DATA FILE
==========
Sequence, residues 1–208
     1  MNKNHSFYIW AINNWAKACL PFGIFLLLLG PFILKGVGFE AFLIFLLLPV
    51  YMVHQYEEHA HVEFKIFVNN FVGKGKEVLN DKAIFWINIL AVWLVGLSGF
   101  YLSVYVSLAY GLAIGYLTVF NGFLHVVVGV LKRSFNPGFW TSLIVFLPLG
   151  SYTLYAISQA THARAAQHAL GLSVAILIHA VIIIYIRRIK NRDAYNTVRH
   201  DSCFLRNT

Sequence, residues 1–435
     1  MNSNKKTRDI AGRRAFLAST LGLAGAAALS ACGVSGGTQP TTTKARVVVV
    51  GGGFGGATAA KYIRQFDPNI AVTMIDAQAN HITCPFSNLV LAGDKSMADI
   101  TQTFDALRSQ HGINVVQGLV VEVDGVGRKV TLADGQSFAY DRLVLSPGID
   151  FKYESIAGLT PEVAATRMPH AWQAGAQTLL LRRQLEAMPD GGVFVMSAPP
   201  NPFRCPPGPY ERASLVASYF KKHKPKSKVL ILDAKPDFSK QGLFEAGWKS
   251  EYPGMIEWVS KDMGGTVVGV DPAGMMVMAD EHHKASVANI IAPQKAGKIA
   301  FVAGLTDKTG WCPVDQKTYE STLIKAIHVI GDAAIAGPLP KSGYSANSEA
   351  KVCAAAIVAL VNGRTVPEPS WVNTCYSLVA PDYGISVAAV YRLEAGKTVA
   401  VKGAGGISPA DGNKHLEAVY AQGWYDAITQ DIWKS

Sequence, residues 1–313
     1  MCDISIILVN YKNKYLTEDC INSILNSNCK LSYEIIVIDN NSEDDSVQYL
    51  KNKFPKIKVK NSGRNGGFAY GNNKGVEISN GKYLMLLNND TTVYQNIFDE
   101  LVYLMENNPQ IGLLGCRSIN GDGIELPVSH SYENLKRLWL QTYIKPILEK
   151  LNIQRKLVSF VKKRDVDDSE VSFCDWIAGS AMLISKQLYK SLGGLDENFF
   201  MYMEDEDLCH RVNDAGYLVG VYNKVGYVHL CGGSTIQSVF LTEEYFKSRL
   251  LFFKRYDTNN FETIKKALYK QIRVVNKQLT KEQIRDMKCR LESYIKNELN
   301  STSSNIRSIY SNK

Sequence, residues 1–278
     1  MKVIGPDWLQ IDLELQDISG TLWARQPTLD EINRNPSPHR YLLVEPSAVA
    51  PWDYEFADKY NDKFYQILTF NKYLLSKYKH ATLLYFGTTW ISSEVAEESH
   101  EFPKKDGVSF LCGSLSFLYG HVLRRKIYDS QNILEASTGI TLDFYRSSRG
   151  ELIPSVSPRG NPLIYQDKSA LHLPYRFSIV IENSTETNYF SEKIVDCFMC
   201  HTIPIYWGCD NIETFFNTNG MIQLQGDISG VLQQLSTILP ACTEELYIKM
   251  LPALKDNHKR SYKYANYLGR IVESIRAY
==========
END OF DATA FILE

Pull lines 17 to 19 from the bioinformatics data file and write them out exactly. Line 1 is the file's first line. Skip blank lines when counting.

Sequence, residues 1–313
     1  MCDISIILVN YKNKYLTEDC INSILNSNCK LSYEIIVIDN NSEDDSVQYL
    51  KNKFPKIKVK NSGRNGGFAY GNNKGVEISN GKYLMLLNND TTVYQNIFDE